girlfriend, with whom he had reconnected at a recent reunion. Upon advice of their attorney, they drafted a marital agreement, intended “to furnish the foundation of a divorce instrument, should that come to pass.” Under the terms of the agreement, Karl would supply Eloise with $12,000 a month, pay her health insurance premiums, and, if he decided to sell his business, guarantee her 35% of the proceeds. He would also allow her to retain their home while he paid off the
remaining mortgage. Karl moved out of their home to a luxurious apartment in Centerville, West Carolina, although both professed a hope that they might reconcile.
For the first year Karl made monthly payments to Eloise pursuant to this agreement. When COVID shutdowns began in March of 2020, Eloise’s twins moved in with her. By 2021, it became clear Eloise and Karl had only grown further apart. Both retained separate counsel, with Eloise represented by Herrera & Smith, and they filed jointly for divorce on the ground of irreconcilable differences. Not surprisingly, however, when the firm of Herrera & Smith sought to incorporate the terms of the couple’s marital agreement into a final divorce settlement on behalf of Eloise, disputes arose with Karl concerning the financial details. Eloise and Karl have been litigating these disputes in West Carolina family court for the past year and a half.
Last month things took a truly surprising turn: Karl’s lawyer evidently discovered that the date on their marriage certificate (January 12, 2013) differed from the date of their December 26, 2012 ceremony. On this basis, he filed a motion arguing that their marriage was void ab initio, or a nullity under the law, and therefore the family court has no jurisdiction to grant a divorce at all. In support of his argument, he cites several provisions of the West Carolina General Statutes governing the formal requirements of a valid marriage. According to § 48-11, “[e]very marriage in this State shall be under a license and solemnized as herein provided.” If solemnization does not occur within sixty days of the issuance of the license, the license expires and the parties must make a new application if they wish to marry. Pursuant to § 48-15, “A person solemnizing a marriage shall, within five calendar days of the marriage ceremony, complete the original application, license and record of marriage form and deliver the form.” Indeed, under yet another provision of West Carolina law, any person who “knowingly perform[s] the ceremony of marriage without a lawful license” potentially faces up to one year’s imprisonment and a fine not to exceed $500. West Carolina does not recognize common law marriage.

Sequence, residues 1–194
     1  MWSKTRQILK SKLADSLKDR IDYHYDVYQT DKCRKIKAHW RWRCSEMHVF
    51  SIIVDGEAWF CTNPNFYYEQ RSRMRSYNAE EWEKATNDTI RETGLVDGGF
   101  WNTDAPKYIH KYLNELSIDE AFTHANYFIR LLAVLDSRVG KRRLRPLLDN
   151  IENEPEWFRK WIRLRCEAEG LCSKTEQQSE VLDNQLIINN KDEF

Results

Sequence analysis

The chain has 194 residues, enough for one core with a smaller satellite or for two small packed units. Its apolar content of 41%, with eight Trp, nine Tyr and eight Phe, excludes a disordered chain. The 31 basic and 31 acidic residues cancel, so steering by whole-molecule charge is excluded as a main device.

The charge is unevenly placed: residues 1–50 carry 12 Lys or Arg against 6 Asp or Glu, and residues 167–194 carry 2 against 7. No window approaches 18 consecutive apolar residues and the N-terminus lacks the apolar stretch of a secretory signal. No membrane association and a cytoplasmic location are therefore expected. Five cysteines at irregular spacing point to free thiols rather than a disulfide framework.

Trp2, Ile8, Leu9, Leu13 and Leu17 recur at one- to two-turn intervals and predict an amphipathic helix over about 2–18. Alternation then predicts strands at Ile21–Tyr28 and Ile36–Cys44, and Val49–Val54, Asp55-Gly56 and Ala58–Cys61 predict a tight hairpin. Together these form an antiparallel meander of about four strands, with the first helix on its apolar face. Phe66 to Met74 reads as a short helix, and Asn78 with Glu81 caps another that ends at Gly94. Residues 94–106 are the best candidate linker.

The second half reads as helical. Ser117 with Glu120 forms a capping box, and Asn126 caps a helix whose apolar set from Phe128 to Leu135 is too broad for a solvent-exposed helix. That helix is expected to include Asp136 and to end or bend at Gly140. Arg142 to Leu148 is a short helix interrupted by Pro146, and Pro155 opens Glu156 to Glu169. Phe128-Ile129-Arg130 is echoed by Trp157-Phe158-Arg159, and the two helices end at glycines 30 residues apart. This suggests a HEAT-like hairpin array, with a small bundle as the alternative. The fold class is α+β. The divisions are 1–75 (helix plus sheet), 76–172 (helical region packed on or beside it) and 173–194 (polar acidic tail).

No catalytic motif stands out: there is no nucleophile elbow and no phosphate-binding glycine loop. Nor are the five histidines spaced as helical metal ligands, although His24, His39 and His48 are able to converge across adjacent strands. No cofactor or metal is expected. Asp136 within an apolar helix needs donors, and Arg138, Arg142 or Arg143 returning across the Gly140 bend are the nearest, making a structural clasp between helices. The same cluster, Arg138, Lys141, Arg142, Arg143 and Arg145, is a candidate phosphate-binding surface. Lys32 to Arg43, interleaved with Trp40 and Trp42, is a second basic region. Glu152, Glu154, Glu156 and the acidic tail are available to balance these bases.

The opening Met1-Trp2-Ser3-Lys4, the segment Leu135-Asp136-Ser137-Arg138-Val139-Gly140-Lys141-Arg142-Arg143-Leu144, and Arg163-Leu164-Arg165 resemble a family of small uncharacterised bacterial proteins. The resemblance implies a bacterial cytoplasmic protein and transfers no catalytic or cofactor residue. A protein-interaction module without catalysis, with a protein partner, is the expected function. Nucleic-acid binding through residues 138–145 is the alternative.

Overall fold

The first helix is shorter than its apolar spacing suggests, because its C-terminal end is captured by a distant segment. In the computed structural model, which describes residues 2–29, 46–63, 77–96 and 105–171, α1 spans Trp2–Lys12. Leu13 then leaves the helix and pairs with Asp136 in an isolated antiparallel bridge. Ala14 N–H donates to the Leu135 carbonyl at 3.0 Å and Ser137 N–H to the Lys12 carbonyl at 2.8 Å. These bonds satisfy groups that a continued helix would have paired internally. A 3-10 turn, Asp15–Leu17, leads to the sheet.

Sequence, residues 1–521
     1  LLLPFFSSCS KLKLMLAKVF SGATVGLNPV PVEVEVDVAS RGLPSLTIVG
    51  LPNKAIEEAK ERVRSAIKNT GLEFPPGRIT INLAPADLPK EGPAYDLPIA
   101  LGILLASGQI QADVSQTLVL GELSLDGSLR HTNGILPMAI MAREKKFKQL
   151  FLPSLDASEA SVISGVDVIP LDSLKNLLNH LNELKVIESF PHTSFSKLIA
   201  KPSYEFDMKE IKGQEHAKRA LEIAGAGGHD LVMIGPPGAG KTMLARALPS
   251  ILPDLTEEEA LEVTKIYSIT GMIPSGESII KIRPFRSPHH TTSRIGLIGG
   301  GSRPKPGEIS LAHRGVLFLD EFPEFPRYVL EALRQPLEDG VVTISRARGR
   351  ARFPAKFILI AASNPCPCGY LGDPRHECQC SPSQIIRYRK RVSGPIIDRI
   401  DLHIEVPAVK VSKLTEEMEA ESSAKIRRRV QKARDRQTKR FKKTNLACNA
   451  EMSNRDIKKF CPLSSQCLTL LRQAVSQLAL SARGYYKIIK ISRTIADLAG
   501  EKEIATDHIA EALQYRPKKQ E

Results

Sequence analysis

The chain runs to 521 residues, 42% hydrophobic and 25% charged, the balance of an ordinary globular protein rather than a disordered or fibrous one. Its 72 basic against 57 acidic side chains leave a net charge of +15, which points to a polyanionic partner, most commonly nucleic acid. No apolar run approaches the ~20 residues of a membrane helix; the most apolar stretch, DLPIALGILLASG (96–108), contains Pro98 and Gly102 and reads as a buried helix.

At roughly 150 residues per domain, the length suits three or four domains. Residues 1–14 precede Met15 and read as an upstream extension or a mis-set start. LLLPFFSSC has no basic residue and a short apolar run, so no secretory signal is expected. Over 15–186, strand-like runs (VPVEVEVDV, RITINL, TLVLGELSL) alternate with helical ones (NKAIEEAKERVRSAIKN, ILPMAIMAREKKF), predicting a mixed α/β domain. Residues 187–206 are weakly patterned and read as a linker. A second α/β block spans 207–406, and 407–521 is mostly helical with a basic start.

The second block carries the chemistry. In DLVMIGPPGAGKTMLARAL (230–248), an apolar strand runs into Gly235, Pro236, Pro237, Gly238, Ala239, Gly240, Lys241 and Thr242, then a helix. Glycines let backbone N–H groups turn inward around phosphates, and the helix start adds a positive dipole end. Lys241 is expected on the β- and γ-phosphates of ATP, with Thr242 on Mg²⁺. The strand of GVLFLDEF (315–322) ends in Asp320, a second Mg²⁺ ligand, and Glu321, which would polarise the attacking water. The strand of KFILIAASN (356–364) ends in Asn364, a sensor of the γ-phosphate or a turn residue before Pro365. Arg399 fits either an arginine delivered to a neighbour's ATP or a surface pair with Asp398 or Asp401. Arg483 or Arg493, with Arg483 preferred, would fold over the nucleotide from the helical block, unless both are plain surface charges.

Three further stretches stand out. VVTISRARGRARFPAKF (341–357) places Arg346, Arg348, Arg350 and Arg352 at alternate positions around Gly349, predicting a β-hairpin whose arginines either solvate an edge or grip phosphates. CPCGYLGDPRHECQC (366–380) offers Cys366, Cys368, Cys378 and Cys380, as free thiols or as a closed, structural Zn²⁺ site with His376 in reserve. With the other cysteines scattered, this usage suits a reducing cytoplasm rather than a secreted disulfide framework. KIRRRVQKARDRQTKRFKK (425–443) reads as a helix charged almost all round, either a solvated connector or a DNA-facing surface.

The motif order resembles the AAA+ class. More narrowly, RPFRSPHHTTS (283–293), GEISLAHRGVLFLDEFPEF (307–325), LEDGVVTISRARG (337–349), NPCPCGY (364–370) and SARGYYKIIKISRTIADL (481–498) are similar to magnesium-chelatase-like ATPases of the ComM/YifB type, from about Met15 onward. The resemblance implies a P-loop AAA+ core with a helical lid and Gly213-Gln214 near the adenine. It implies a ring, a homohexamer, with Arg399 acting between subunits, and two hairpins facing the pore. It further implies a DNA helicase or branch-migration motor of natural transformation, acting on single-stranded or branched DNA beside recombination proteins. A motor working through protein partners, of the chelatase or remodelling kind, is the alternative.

Attorneys Herrera and Smith have asked you to draft a memorandum that outlines any arguments the firm should make on Eloise’s behalf. Did she and Karl have a valid marriage? Can you tell from these facts whether or not they complied with the procedural requirements of West Carolina marriage law? What else might you need to know? If a court finds that they did not satisfy the procedural requirements of a valid marriage, what potential implications might follow? Are there any alternatives that might protect Eloise’s interests?